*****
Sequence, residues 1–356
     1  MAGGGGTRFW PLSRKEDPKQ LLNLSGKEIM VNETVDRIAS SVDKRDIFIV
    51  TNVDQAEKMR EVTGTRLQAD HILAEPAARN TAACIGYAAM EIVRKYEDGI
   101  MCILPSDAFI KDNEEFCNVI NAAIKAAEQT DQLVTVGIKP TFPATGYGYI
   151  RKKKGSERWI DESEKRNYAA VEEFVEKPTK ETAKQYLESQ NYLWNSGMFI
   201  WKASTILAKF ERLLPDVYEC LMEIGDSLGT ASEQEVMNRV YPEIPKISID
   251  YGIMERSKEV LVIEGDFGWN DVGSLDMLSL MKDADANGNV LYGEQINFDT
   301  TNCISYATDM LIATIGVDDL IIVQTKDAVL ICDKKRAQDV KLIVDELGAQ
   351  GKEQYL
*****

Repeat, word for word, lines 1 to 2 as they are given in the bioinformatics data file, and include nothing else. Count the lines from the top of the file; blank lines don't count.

Sequence, residues 1–356
     1  MAGGGGTRFW PLSRKEDPKQ LLNLSGKEIM VNETVDRIAS SVDKRDIFIV